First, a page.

When a symposium is a seder the focus is on liberation, on justice, on the meaning of freedom and on the obligations that such a transformation imposes on those who are no longer slaves.  Most important, by long tradition and, in the best of my family’s customs, the Passover story is one to be told and re-imagined in the present tense.  That’s the meaning of the phrase in the traditional text (the Haggadah) cited in the title to this post.  Every year we are enjoined to tell the tale and to discuss its meaning understanding that we ourselves took part in the exodus.  We talk through the ritual of getting up on our own hind legs and moving (fitfully, incompletely) along that long arc that bends towards justice — us, ourselves — with no “as if” caveats involved.

I thought of all this reading Tom Junod’s post over at Charles Pierce’s shop on the gay marriage battle.  In it, he writes of his 28 year marriage, and his understanding that no one else’s nuptials constrain his own.  He writes, rightly, “like anyone who has ever been married, I understood that whatever threat there was to my marriage came from within rather than from without.”

That’s true — or rather, it’s a commonplace, obvious, the baseline of a humane understanding of love, connection and commitment.  But Junod is after more than a well-spoken penetrating glimpse of the obvious.  The meat of his piece lies with his account of the way in which his straight family is, in the eyes of those fighting the bad fight against same-sex marriage, gay as the day is long:

 

…my wife and I are not of the same sex; I am a man and she is a woman. But we are infertile. We did not procreate. For the past nine years, we have been the adoptive parents of our daughter; we are legally her mother and father, but not biologically, and since Tuesday have been surprised and saddened to be reminded that for a sizable minority of the American public our lack of biological capacity makes all the difference — and dooms our marriage and our family to second-class status.

…..before long I started hearing an argument based on biology or, as groups such as the National Organization for Marriage would have it, “nature.” For all its philosophical window dressing — for all its invocation of natural law, teleological destiny, and the “complementary” nature of man and woman — this argument ultimately rested on a schoolyard-level obsession with private parts, and with what did, or did not, “fit.” There was “natural marriage” and “unnatural” marriage, and it was easy to tell the difference between them by how many children they produced. A natural marriage not only produced children; it existed for the purpose of producing children. An unnatural marriage not only failed to produce children; it resorted to procuring children through unnatural means, from artificial insemination to surrogacy to, yes, adoption.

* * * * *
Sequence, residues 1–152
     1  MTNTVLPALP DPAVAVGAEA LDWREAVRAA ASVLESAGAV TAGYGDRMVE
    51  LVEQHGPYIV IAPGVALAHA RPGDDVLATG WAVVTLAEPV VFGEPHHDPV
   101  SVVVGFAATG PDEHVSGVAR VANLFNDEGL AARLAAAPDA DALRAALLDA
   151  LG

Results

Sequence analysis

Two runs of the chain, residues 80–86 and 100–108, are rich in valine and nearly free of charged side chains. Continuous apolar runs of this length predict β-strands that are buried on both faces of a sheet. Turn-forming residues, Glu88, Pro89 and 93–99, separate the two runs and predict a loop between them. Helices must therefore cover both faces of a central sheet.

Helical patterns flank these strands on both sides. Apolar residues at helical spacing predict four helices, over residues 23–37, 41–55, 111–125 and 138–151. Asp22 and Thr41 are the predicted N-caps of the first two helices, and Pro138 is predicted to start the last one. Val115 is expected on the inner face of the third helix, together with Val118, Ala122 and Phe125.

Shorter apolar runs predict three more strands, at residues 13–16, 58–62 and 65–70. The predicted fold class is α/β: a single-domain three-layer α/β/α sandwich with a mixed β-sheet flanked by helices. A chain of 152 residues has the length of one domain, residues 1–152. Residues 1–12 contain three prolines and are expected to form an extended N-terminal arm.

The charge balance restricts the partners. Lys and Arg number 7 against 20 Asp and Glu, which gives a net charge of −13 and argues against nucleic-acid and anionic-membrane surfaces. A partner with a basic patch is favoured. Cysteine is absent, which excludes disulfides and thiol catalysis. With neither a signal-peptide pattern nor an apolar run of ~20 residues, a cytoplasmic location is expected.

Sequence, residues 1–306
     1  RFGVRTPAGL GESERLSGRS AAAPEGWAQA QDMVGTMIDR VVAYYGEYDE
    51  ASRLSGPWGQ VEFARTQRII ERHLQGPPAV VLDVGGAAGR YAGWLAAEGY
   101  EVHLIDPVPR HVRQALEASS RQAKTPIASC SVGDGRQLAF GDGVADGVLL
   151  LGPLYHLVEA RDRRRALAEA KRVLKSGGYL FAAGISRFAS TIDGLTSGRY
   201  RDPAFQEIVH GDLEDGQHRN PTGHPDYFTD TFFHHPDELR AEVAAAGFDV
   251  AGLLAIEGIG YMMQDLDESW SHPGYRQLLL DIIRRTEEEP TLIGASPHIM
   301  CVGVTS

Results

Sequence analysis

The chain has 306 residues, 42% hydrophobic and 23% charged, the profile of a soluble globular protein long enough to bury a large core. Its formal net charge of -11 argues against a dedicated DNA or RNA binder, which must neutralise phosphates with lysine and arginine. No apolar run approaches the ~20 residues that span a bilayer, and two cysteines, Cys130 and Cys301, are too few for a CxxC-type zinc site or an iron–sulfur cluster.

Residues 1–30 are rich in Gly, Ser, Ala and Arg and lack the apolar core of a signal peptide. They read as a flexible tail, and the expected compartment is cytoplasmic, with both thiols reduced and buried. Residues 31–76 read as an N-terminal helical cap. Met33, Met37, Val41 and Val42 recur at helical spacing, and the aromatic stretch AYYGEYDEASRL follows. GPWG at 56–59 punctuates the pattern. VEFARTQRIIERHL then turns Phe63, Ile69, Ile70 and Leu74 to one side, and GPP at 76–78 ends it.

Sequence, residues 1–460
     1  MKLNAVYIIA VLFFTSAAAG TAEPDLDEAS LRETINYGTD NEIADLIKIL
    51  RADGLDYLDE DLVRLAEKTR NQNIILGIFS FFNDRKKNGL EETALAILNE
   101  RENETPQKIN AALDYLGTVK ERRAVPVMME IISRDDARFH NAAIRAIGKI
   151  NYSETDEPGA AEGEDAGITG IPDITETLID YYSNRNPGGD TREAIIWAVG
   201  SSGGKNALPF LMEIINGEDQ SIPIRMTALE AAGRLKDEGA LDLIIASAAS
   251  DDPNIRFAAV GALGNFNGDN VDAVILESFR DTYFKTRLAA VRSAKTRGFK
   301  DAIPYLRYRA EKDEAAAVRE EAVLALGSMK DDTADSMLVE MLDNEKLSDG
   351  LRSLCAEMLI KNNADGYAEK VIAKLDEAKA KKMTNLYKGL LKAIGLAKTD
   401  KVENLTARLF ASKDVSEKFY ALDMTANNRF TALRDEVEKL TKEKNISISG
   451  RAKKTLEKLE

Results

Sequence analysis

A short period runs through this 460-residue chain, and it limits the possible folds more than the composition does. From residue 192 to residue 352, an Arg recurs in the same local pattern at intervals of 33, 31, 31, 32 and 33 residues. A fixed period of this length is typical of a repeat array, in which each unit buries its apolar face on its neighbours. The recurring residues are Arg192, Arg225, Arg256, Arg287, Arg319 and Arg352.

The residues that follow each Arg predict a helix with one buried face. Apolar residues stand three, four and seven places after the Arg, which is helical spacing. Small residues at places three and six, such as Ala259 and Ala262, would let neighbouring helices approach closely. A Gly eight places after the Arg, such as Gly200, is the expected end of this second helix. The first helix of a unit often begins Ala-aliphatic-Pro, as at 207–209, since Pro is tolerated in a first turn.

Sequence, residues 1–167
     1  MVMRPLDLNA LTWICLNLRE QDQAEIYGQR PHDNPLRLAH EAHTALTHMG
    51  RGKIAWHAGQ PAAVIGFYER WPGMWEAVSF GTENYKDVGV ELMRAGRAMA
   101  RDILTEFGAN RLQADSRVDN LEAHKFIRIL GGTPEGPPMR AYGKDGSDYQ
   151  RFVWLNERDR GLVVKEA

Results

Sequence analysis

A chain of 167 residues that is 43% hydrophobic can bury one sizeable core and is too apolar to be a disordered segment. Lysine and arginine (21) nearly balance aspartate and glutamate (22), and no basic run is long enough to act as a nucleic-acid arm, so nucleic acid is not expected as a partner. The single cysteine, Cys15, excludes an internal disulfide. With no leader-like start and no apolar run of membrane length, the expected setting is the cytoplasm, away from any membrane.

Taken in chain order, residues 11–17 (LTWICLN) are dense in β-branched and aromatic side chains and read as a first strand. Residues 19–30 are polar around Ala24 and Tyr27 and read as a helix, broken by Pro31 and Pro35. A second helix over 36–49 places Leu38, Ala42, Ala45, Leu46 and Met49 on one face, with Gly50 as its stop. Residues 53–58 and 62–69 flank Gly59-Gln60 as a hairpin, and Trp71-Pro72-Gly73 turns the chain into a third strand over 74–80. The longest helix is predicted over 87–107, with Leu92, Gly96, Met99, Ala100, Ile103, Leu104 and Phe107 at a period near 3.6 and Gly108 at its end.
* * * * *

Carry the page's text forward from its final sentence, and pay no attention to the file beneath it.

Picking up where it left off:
To be clear:  Junod is not pulling a Portman.  He makes it plain that his conviction in favor of gay civil rights derives not from his personal skin in the game as discovered in the “gayness” of his family, but from the idea limned above, that one’s marriage is one’s own business, and the opportunity to experience marriage is a universal right.

No, the point Junod makes here is that the recent arguments have distilled the anti-civil-rights position to its most craven and ugly core. To those seeking to bar same-sex civil equality, the only acceptable form of marriage is one in which children emerge the old fashioned way.  It is one in which the core function for the woman involved is as an incubator.  It is one which denies every other possibility that two people could form a lasting commitment to each other centered on affection, on daily business of making a life across all the dimensions we traverse in this world.  As Junod re-articulates, the campaign against gay marriage is not mere selective disdain for one class of people.  It is (as all civil rights battles are at the root) an affront to everyone‘s claim to full humanity.

 

Mademoiselle_de_Clermont_en_Sultane